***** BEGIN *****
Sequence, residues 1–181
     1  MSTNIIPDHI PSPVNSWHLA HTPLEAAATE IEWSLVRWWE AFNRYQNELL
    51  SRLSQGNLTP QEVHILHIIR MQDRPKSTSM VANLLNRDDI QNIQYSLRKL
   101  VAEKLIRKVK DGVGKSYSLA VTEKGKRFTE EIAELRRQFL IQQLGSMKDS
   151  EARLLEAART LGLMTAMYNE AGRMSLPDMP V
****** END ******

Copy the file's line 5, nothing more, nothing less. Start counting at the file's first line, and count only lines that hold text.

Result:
   151  EARLLEAART LGLMTAMYNE AGRMSLPDMP V